• 13 Jul - 19 Jul, 2019
  • Mag The Weekly


“I’m not mad, I’m actually laughing” is such a painfully funny doubling down that it’s become a part of the cultural lexicon. It’s also both painful and funny watching someone so frantically refuse to acknowledge their flub that they become all the more obviously in the wrong. As it happens, Tim Robinson (Saturday Night Live, Detroiters) specialises in that exact kind of manic energy, and it’s what makes his new Netflix sketch comedy series, I Think You Should Leave with Tim Robinson, so sublime.

Robinson isn’t trafficking in cringe comedy – as cringe worthy as most of his characters might be – so much as in making an art out of prolonging a joke. The world he sketches takes place in is heightened to an extreme, taking tiny, relatable moments such as worrying whether someone actually likes the gift you got them or feeling left out of a joke and, bit by bit, escalating them into the most absurd scenarios possible. For instance, in the very first sketch in the series, he pulls the handle of a door that’s meant to be pushed. Rather than admit to his mistake, he states that the door can be pulled open as well, and wrenches it back until it breaks out of its frame.

At just six episodes that each run between 15-20 minutes, the series is perhaps the best investment of time currently available on Netflix, as well as a miraculous blip in a media landscape that’s run dry in terms of sketch shows as a vehicle for comedians. The format is a perfect fit for Robinson’s comic sensibilities, which are on full display here, both in his performances and his writing. Despite the series’ relative brevity, there are so many good sketches in such rapid succession that it’s impossible not to feel the same way about it that most people feel about anticipated blockbusters like.

If you have 15 minutes to spare, stream it!!
Rating: 3.5Stars


A dramatised account of how five young boys came to be arrested, convicted and sentenced for raping and beating almost to death Trisha Meili – “the Central Park jogger” – a young white woman whose poor, battered body was found that same night. All the initial signs point to a single attacker having dragged her off the path into undergrowth. But when the head of the DA’s sex crimes unit, Linda Fairstein, hears that “a bunch of boys” have been arrested elsewhere in the park, a new narrative begins to form. Their night out is re-characterised as “a rampage”, the boys as “animals” moving in “a pack”, hellbent on destruction. As with the early establishment of the boys’ normality, Fairstein and her team are never explicitly labelled as racist. Their prejudice is simply embedded in every assumption, a tacit agreement among all the white adults that the boys are the obvious suspects, that they “must” have done it.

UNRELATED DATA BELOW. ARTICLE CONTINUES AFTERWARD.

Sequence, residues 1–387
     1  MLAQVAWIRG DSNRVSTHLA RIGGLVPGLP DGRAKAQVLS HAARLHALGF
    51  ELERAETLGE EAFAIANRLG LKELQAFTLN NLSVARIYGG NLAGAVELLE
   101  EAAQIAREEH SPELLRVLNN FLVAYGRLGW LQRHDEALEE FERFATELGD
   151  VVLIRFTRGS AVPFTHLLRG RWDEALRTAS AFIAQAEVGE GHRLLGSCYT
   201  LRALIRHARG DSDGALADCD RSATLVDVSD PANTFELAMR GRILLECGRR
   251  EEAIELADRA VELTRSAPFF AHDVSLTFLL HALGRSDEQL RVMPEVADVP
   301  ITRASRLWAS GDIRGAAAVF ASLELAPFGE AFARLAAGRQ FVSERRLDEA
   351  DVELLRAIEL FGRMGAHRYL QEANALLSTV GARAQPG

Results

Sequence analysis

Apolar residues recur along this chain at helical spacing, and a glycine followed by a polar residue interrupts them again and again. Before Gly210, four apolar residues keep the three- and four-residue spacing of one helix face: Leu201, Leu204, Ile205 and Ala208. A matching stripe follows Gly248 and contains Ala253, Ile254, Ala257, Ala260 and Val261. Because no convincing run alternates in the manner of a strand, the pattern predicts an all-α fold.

The performances, from the young actors and the veterans alike, are uniformly astonishing – especially from the central five, Asante Blackk, Caleel Harris, Ethan Herisse, Marquis Rodriguez and Jharrel Jerome, most of whom are just a few years older than the teens they are playing. They capture the innocence, in all senses, of children, and the permanence of its loss. It feels like a great privilege to see them.

When They See Us, Ava DuVernay’s sensitively wrought Netflix miniseries about what happened to those boys, strips away the dehumanising tendency to bunch them together and instead shows what each of them dealt with individually when they were coerced into giving false confessions, forced to do time for a crime they did not commit, and, eventually, exonerated when their convictions were vacated in 2002. But this scripted miniseries feels more personal due to DuVernay’s intimate approach – she directed and co-wrote all four episodes – and thoughtful performances across the board, especially from the actors who portray the wrongly accused as boys and men.

Almost thrilling. Stream.
Rating: 3Stars


Favreau, the actor/writer turned visionary director, partners with Chef Choi – owner of the Kogi food truck – and the two set out on an exploration of different food dishes and the cultures that influence them. Special guests are featured in each episode, including MCU alumni (Robert Downey Jr., Gwyneth Paltrow, Tom Holland, producer Kevin Feige, and directors Joe and Anthony Russo), comedian Bill Burr, filmmaker Robert Rodriguez, and chefs David Chang and Jazz Singsanong who come along for the ride.

What makes this series so appealing is how honest and straight forward it is in its delivery. While Favreau became a foodie during the filming of Chef, he is not immune to errors in the kitchen. There are plenty of moments of him needing assistance from Choi, which leads to some comical banter between the two. Additionally, the food they create together and with their guests look amazing.

Most appealing are the moments Favreau and Choi have with the Avengers crew in Atlanta and Rodriguez in Texas. With the Avengers group, topics include the big gamble it was making Iron Man and how soon Holland was in the Spider-Man suit after landing the role. Meanwhile, in Austin, Rodriguez discusses with Favreau and Choi his early love for film and how his $7,000 college project El Mariachi became his calling card, opening the door to his successful career.

Fan of cooking shows, or intriguing discussions between celebrity friends, artists, and an eclectic mix of chefs? Stream.

Rating: 3Stars

– Compilation